By Paul Henninger

Elliott Smith was a unique musician that created amazing and influential music throughout his entire life.  Even as a young teenager, he wrote songs that later became admired works of art.  His music, although often simple and quiet, is exceptionally beautiful.  Unfortunately, he lived a rough life, having struggled with being abused as a child and with drug addiction and alcoholism as a teenager and an adult.   Being such a kind soul, it is unfortunate that he passed away at a young age. However, he will always be remembered for his music that millions of fans love.  The world was unbearable for Elliott, but for many, the music he left us helps make the world a little more bearable.  Taking a look back on his life and music is important to understanding what is so special about him.

Elliott Smith was born on August 6, 1969.  When he was only six months old, his parents divorced each other and he stayed with his mother in Duncanville, Texas, while his father moved to Portland, Oregon.  As a young teenager, Elliott began to record music.  In his biography of Elliott Smith, S. R. Shutt quoted Elliott saying, “I’ve done it [recording] since I was 14 or so, hours and hours of unmarked blank tapes. … I borrowed [a four-track] for a really long time” (Shutt 3).  After attending college, Elliott began recording music as a singer/songwriter.  From then on, he continued to create what was the most important music of his life.

Throughout Elliott’s life as a songwriter, his music progressed and evolved.  I love all of the different periods of his songwriting for their own unique qualities.  Even on his first album, Roman Candle, there are distinct characteristics that set it apart from anything else Elliott wrote.  Having recorded it with an old four-track recorder in a basement, the songs have a lo-fi sound that give them a very emotional and raw feeling.  The most important song to me on that album is “Condor Ave”, as it is a masterpiece lyrically and instrumentally that he wrote when we was only 17.  The song shows his painful but powerful storytelling abilities as he sings about a lover driving away to leave him forever.  He begins the song with the lyrics, “She took the Oldsmobile out past condor avenue/And she locked the car and slipped past/Into rhythmic quietude/Lights burning/Voice dry and hoarse/I threw the screen door like a bastard back and forth/The chimes fell over each other/I fell onto my knees/The sound of the car driving off made me feel diseased.”  These words paint a vivid picture of him and a woman fighting, losing their voices from yelling, and slamming doors in anger.  When the woman finally drives off to leave him, Elliott describes the sound as making him feel “diseased”, which shows his absolute dread and disgust at that moment.  However, he sings this all while finger picking a sweet melody on his guitar that almost lightens the mood of the song.  The combination of the sublime vocals and the light guitar playing makes it one of Elliott’s prettiest and saddest songs.  It also provides a glimpse of the potential he would go on to reach later because it shows how effortlessly he can craft and play songs that are actually very deep and complicated.  Below is the original recording of “Condor Ave”.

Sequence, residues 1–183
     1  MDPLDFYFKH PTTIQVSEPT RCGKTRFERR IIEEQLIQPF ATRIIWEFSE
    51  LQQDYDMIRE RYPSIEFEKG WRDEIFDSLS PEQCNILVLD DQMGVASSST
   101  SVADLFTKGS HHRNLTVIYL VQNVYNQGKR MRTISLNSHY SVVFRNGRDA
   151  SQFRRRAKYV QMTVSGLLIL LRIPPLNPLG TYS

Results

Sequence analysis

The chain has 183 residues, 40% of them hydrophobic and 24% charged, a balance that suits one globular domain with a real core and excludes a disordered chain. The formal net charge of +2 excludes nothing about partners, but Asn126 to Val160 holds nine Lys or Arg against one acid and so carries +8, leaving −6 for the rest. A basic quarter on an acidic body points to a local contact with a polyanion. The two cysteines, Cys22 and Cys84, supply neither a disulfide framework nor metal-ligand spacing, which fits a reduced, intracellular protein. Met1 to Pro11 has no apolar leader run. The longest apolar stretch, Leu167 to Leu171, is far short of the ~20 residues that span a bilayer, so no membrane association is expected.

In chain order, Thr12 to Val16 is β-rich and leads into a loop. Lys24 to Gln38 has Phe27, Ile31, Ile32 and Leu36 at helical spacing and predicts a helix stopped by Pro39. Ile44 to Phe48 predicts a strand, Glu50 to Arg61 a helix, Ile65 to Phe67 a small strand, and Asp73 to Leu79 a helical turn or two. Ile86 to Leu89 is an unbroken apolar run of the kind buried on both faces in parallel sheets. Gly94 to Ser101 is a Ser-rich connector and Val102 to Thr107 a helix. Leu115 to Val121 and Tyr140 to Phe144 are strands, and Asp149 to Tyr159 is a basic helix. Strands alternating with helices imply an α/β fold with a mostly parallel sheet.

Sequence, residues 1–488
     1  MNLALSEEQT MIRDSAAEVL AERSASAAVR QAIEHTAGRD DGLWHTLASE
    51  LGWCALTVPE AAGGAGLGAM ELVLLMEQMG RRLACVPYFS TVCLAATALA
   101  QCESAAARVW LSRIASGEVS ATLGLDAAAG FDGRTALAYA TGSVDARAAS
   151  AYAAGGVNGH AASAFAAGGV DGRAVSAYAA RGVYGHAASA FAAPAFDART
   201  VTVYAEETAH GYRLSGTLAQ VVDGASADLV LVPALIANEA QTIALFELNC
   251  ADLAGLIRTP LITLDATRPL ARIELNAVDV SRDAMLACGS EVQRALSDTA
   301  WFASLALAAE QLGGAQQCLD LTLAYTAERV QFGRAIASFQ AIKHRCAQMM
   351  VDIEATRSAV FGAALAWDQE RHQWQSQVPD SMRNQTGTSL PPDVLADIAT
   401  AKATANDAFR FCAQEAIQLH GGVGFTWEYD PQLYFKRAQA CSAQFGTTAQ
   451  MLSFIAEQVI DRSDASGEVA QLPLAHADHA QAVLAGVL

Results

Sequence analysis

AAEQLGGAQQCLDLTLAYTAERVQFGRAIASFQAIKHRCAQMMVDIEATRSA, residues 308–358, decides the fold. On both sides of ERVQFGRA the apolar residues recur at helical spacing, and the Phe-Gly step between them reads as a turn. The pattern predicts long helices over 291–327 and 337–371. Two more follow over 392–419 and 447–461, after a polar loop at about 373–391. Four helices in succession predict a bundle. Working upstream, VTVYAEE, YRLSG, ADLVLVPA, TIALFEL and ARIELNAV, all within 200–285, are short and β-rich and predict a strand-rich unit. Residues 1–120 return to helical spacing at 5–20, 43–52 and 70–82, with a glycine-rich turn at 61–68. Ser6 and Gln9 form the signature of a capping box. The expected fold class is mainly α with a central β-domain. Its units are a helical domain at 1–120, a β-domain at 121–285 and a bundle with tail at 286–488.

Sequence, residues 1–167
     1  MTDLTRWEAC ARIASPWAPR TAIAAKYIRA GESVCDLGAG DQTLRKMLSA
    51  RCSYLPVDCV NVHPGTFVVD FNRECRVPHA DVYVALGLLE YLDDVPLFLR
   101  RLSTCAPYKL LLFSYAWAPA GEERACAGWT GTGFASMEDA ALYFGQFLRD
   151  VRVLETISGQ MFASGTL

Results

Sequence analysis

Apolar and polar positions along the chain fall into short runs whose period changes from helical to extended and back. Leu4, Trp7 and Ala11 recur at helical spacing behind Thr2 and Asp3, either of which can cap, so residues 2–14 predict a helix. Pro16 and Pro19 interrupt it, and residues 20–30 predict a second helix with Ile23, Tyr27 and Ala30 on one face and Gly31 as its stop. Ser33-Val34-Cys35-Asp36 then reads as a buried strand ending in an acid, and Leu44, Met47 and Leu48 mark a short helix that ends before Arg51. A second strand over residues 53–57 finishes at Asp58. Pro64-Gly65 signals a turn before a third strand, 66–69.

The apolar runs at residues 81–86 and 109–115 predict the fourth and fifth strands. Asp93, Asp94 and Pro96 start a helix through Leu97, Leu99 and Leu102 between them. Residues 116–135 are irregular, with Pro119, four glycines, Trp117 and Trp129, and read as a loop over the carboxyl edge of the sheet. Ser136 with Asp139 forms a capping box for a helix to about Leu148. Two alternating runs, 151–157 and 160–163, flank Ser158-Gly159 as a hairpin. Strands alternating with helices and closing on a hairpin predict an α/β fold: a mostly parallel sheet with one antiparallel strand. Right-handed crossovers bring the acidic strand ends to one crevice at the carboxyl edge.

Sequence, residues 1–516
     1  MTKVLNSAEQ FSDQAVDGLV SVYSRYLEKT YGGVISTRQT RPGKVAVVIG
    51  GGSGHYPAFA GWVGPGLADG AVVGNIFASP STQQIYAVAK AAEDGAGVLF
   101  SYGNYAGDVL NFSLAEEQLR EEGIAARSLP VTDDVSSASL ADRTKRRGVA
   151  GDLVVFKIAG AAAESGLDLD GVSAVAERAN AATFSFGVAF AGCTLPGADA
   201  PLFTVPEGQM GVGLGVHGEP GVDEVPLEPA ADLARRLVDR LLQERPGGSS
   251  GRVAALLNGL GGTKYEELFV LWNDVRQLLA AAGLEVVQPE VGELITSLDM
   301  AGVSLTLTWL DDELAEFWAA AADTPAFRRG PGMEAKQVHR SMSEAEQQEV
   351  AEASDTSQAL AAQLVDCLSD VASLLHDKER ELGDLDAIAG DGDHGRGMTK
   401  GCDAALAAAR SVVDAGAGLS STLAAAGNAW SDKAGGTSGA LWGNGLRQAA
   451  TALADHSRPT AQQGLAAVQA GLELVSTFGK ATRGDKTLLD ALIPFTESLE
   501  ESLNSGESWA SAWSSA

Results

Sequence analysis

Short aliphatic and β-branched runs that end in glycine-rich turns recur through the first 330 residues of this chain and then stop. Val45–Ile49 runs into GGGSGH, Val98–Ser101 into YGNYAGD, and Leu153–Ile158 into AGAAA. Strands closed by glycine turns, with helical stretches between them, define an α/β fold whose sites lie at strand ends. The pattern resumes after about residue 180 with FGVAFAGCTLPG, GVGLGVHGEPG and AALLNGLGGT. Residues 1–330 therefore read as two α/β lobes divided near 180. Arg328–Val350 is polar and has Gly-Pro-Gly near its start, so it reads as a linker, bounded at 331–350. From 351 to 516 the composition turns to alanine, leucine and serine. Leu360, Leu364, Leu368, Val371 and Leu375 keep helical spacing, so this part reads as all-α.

Elliott’s later work showed his development as a songwriter.  More instrumentation was used in his songs, and multiple acoustic guitars often played simultaneously to create wonderful melodies.  Even on the songs still stripped down to just Elliott with his guitar, his sound was so unique that it couldn’t be replicated.  For instance, the quiet and seemingly simple melody on the song, “Between The Bars” on his album, Either/Or, could never have been written by anyone else.  It’s actually one of his more simple songs, but all of its little parts together create a hauntingly beautiful song.  The way he combines strumming with finger-picking on his guitar in the chorus, while singing the lyrics, “People you’ve been before that you\Don’t want around anymore\That push and shove and won’t bend to your will\I’ll keep them still”, creates this feeling of hope despite all that’s wrong in his life.  I interpret this as someone helping a friend struggling to turn their life around and start making positive changes.  While this person may or may not be able to overcome the challenges, he or she is hopeful.  It is songs like this that show Elliott’s simple and effortless beauty.